ETA: It's Saturday now. I posted this entry on Thursday, and filtered it so only the French people on my flist would see it. I've probably gotten all the response I'm going to from them, so I'm going to make the post public now because someone who saw the entire article (that post is also being made public)was curious as what discussion there had been.
Okay, the only people who can see this post are Aline, Babycakes, Jem, Rosie, Morgared, Mouse, and GreedyDancer. I can only think of two (possibly three) other people who might be interested in the story, and I'll post the entire newspaper article elsewhere for them.
Wednesday's Financial Times included an article by Martin Arnold, who reports for the paper from Paris. The piece talked about an interview that Gérard Larcher gave on Tuesday to a group of foreign journalists. I won't transcribe the full article here, but the first three paragraphs are shown below (bold and italics mine):
France's employment minister yesterday blamed polygamy as one reason for the rioting in the country.
Gérard Larcher said multiple marriages among immigrants was one reason for the racial discrimination which ethnic minorities faced in the job market. Overly large polygamous families sometimes led to anti-social behaviour among youths who lacked a father figure, making employers wary of hiring ethnic minorities, he explained.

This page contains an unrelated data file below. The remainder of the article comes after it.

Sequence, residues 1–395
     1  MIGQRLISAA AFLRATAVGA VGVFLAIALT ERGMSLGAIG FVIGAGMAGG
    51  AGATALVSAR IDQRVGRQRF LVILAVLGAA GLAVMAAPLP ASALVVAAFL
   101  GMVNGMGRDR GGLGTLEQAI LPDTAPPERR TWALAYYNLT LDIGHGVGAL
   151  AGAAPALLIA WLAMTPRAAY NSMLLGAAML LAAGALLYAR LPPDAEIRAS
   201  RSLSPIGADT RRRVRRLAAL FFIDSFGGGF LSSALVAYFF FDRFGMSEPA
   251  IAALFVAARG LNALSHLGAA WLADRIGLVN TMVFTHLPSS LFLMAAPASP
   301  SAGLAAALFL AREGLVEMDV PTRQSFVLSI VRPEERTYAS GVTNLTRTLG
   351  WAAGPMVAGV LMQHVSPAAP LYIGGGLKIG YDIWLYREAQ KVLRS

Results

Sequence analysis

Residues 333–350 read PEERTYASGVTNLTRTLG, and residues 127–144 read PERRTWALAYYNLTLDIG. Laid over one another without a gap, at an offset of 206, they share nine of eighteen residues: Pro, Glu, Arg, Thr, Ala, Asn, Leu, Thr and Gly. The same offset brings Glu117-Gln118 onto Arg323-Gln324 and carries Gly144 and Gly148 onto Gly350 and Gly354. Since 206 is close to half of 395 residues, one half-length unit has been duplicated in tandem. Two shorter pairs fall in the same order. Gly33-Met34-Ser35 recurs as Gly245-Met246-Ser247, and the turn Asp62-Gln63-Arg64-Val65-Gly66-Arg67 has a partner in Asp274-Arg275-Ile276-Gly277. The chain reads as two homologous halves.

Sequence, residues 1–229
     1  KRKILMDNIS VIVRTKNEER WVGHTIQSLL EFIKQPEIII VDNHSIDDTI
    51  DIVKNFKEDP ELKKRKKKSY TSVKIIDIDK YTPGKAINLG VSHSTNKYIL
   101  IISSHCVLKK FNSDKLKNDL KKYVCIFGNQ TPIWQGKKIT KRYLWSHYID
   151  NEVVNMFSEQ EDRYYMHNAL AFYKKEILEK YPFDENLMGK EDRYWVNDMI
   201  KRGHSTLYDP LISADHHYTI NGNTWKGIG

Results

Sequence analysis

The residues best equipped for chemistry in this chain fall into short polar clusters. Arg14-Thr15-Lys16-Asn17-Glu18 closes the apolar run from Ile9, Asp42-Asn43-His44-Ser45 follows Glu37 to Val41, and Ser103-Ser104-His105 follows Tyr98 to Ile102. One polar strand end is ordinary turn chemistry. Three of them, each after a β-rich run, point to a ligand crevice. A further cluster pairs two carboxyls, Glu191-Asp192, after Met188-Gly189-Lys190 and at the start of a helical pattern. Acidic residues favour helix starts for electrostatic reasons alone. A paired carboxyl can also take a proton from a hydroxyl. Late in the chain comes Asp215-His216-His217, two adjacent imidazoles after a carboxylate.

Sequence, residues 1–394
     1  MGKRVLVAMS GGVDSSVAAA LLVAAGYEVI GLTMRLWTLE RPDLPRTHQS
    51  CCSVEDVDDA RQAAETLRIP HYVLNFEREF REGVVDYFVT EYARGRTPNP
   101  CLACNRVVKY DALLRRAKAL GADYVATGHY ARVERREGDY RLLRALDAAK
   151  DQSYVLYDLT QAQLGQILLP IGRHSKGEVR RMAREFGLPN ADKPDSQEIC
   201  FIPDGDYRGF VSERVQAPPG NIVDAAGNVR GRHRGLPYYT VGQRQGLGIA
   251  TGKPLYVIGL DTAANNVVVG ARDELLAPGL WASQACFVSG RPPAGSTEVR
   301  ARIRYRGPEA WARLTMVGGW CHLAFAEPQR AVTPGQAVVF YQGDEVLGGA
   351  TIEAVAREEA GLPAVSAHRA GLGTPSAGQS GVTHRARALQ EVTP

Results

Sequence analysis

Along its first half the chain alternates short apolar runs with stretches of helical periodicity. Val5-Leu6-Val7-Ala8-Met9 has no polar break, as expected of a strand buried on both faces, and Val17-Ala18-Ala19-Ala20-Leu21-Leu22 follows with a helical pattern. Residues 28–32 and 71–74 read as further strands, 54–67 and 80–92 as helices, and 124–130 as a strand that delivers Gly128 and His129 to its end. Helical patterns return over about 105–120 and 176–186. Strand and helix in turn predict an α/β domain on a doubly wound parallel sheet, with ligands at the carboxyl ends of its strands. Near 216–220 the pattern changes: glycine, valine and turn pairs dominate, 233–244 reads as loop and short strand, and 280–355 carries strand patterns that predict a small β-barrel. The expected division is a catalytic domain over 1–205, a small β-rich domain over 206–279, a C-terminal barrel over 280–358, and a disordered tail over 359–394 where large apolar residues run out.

The minister, speaking to a group of foreign journalists as the government stepped up efforts to improve its image with the foreign media, said: "Since part of society displays this anti-social behaviour, it is not surprising that some of them have difficulties finding work ... Efforts must be made by both sides. If people are not employable, they will not be employed."
I was a little shocked to read this. Not necessarily by the sentiment ... you can't control how people think and prejudice flourishes everywhere ... but rather by the fact that it was a government minister publicly expressing these views. I wondered (and this is my question) what the reaction was in the French press and among the French public. An American government official who made similar remarks would be pilloried in the press and in the court of public opinion, and would probably soon be out looking for a new job. If the Financial Times story is accurate, do you think that Larcher will survive? Or, like Sarkozy's "scum" remark, is he just saying what a lot of people think? Or is the whole think just a tempest in a teapot, and, like the riots, the foreign press is guilty of exaggeration?
I'm a long way from being able to pick up a French newspaper to try to answer my questions myself, so I'm asking what all of you think about it. Don't feel you need to reply unless you want to, but I really am curious.